Phallic saints were actual saints or local deities who were invoked for fertility. More than vulgar representations of the phallus, phallic saints were benevolent symbols of prolificacy and reproductive fruitfulness, and objects of reverence and especial worship among barren women and young girls. Many were legitimate saints who acquired their priapic attributes through the process of folk-etymology. Sir William Hamilton (1730–1803) reported that, among the wax representations of body parts then presented as offerings to Cosmas and Damian at Isernia, near Naples, on their feast day, those of the penis were the most common. Hamiliton's observations led Richard Payne Knight to write his Account of the Remains of the Worship of Priapus, in which he reproduced examples of the effigies.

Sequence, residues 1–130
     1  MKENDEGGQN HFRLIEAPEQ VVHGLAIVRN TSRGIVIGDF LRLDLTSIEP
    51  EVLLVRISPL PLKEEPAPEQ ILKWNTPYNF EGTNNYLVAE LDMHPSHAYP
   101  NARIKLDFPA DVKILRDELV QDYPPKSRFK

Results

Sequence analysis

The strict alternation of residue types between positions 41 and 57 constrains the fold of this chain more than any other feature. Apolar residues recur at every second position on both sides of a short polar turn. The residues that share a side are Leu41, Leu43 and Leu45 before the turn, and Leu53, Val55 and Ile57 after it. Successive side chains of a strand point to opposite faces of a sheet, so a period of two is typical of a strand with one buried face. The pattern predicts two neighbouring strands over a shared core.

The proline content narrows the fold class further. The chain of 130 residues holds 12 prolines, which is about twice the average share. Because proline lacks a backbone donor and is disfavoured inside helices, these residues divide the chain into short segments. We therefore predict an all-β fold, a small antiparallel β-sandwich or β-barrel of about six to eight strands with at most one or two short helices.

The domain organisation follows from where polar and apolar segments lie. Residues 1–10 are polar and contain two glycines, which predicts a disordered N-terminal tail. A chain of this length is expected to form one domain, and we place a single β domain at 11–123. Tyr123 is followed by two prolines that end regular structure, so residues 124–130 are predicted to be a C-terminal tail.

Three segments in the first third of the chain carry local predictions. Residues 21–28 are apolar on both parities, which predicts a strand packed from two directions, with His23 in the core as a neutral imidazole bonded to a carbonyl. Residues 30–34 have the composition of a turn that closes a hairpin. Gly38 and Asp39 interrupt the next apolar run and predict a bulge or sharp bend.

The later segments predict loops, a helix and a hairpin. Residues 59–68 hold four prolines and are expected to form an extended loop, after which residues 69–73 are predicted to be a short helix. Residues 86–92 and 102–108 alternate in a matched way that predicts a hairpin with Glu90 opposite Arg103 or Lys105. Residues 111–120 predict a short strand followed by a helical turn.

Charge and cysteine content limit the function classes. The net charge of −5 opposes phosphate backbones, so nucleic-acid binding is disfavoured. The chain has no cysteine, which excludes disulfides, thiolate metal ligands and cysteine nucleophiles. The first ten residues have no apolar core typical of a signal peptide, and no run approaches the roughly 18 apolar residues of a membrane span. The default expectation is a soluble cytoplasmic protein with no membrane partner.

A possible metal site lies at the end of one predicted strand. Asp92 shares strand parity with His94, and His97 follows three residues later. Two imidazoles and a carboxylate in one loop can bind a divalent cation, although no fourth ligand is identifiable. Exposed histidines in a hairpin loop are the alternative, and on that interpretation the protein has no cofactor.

Some examples include:
- Ters, or St. Ters, of Antwerp, whose cult was reported on by Johannes Goropius Becanus. He was also named Semini or God Jumenas.
- Saints Cosmas and Damian, twin physicians, one of whose cult-centers was Isernia, in Italy.
- Saint Guignolé (Winwaloe), first Abbot of Landévennec, who acquired his priapic status by confusion of his name with gignere (Fr. engendrer, "to beget"). His shrine was not destroyed until 1793.
- Saint Foutin, by assimilation of the name of Pothin (Pothinus), first bishop of Lyon, to the verb foutre (“to fuck”). People worshipped the phallus of St. Foutin by pouring wine on it.
- Saint Guerlichon (Greluchon) at Bourg-Dieu.
- Saint Giles (Aegidius) at Cotentin.
- Saint Rene in Anjou (by confusion with reins, "kidneys" - once believed to be the seat of sexual power).